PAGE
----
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Contributing, Exchanging and Linking for Learning: Supporting Web Co-Discovery in One-to-One Environments.

Educational Technology & Society 01/2010; 13:126-139.
Source: DBLP

ABSTRACT There have been little studies on providing collaborative discovery on the web search results contributed by peers in one-to-one environments. This study therefore proposes an integrative groupware, CELL (Contributing, Exchanging, and Linking for Learning), which utilizes both personal mobile computers and a shared display in support of one-to-one Web co-discovery. Through gathering small group activity, facilitated by CELL groupware, it was found that this design was indeed useful in supporting students in their efforts to search the Web autonomously while simultaneously engaging in joint discussion of the emerging web search results. In addition, this study identified three collaborative discovery patterns of student groups in the use of the CELL groupware: iterative envisioning discovery, fixed framework discovery, and framework development impediment. Most student groups demonstrated the iterative envisioning discovery pattern which indicates that the CELL groupware did help students to integrate their findings on the Web and thus gradually to broaden their understanding toward the open-ended problem.

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    ABSTRACT: Web collaborative exploration learning has become much critical in education approaches because it facilitates learners with access to various information and opportunities to learn collaboratively with peers. Shared-computer is increasingly used to support web collaborative explorative activities because learners can be facilitated to promote shared understanding of the workspace and enhance effective communications. However, implementing shared-computer can also be inefficient and frustrating because learners have to spend extra time and cognitive resources to negotiate with the web search. This may discourage learners to positively participate the activity. Hence, the study proposes a the 1:1 group (shared-computer integrated one person for one computer) so that learners can individually search web information with their personal laptop according to their strategies and preferences, and then use shared-computer to share their information and interact with peers. An empirical study involved nine graduate students is conducted to examine the learner's interaction behaviors in two scenarios: 1:1 and shared-computer. The result shows that the 1:1 group can better benefit participants' in-depth interaction due to the autonomy of personal web search strategy and preference.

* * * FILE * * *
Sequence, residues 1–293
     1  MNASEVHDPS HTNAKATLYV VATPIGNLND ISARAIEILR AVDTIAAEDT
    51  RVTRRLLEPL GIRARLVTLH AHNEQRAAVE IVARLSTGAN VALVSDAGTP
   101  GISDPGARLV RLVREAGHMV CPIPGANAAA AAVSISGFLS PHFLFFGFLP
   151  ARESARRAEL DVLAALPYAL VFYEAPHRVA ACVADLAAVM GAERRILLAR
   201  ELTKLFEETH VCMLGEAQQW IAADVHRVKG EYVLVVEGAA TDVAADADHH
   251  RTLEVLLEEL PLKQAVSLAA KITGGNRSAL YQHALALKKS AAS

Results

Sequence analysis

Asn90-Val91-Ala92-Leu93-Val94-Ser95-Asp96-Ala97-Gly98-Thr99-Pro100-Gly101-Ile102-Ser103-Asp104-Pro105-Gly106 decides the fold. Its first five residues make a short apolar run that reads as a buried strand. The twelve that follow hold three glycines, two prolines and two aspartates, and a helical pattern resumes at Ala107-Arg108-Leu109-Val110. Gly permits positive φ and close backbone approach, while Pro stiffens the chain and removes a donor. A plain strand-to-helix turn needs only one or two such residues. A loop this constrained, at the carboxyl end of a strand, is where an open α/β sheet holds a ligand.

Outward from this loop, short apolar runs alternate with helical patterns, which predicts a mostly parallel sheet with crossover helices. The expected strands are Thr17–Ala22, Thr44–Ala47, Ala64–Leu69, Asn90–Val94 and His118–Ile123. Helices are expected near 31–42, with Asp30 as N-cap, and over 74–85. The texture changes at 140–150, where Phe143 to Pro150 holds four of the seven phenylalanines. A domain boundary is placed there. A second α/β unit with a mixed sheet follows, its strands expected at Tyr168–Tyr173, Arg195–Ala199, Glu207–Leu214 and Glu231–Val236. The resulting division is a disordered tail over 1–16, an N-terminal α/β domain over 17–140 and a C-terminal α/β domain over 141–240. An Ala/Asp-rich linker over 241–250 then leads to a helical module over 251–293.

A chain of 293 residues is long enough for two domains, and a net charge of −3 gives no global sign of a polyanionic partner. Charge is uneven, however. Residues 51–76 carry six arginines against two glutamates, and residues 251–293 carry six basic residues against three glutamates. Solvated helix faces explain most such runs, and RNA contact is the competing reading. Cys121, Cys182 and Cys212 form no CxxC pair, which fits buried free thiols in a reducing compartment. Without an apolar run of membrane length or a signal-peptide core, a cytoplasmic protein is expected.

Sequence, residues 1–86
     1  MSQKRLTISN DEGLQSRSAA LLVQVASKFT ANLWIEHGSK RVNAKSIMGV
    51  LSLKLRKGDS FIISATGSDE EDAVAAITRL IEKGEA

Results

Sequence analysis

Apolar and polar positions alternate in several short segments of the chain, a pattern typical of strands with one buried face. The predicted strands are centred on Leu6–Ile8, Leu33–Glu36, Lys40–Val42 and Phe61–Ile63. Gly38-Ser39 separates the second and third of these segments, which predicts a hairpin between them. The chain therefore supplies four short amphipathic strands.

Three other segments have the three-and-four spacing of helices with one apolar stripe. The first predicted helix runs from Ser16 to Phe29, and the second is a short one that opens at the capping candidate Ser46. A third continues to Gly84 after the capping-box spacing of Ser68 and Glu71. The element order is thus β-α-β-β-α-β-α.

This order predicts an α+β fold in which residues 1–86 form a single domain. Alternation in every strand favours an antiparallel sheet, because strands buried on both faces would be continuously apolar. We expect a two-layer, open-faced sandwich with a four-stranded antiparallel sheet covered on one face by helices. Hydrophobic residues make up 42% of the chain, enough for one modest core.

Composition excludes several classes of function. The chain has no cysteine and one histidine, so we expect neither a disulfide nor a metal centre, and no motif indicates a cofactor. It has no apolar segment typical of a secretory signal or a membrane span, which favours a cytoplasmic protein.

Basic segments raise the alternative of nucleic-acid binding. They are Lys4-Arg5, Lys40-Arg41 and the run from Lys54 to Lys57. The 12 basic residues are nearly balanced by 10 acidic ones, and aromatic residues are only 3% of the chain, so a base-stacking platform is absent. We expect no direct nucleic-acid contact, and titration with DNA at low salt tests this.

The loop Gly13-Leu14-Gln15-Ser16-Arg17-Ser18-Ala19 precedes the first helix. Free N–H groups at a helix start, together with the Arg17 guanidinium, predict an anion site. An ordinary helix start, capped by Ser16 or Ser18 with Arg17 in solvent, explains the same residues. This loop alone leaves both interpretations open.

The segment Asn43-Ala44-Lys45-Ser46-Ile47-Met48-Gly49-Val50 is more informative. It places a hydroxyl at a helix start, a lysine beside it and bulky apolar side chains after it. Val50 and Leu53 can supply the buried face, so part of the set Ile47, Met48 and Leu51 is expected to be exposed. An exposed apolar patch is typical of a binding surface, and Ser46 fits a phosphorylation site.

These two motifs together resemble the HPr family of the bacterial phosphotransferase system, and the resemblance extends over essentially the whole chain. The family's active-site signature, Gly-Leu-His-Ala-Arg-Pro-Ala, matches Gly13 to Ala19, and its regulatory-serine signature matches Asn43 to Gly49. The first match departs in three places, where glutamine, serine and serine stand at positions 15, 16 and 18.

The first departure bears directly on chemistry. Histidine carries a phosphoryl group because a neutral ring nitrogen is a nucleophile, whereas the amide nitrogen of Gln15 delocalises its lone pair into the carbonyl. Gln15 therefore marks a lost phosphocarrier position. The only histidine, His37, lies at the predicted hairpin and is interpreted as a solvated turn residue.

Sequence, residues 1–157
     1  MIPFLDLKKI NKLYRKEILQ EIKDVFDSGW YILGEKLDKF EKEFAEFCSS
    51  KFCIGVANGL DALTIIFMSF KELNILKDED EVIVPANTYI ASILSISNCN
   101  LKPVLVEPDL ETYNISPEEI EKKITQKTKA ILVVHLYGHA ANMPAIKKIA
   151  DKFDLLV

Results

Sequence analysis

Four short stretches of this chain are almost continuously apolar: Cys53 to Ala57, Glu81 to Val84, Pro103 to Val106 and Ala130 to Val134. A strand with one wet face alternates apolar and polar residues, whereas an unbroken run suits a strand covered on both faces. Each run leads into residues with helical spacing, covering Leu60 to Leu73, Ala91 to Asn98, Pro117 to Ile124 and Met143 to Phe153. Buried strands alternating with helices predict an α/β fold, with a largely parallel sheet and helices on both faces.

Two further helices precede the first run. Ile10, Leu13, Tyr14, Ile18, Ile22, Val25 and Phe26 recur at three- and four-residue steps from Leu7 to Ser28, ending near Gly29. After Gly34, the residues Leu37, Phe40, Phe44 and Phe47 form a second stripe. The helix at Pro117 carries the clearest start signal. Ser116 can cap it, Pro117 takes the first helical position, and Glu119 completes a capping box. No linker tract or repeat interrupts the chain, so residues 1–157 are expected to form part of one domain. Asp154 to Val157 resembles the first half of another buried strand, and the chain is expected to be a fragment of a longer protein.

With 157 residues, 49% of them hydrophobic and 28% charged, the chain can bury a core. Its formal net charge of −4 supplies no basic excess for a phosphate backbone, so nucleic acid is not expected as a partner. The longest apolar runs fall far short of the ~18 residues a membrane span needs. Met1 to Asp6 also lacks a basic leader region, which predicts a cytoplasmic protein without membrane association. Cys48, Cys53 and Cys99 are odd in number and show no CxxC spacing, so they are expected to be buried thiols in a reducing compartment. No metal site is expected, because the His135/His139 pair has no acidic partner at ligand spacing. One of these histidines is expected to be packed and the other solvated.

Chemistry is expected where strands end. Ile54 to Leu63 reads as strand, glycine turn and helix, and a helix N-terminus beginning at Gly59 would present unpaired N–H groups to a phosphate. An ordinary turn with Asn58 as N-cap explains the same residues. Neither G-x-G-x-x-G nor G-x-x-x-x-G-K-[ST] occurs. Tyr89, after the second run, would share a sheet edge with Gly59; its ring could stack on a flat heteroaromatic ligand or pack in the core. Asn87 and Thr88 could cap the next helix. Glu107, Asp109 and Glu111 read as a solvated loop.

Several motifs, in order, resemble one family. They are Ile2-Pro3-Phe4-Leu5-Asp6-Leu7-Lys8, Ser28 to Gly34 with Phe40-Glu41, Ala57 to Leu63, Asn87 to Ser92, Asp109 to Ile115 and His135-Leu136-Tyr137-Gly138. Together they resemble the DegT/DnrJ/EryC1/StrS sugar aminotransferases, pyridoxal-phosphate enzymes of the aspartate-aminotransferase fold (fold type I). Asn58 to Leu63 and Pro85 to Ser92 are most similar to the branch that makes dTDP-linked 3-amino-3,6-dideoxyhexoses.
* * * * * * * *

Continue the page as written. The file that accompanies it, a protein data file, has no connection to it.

Advanced Learning Technologies (ICALT), 2011 11th IEEE International Conference on; 08/2011

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